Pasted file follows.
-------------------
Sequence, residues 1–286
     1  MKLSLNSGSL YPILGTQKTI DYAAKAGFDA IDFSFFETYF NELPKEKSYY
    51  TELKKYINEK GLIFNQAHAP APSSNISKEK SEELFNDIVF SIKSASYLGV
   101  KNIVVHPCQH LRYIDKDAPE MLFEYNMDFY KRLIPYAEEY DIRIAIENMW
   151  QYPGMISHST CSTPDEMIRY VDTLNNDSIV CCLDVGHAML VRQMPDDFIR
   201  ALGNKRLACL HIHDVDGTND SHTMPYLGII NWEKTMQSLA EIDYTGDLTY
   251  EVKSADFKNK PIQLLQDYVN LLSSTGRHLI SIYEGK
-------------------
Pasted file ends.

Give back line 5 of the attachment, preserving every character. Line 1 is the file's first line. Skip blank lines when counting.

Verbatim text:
   151  QYPGMISHST CSTPDEMIRY VDTLNNDSIV CCLDVGHAML VRQMPDDFIR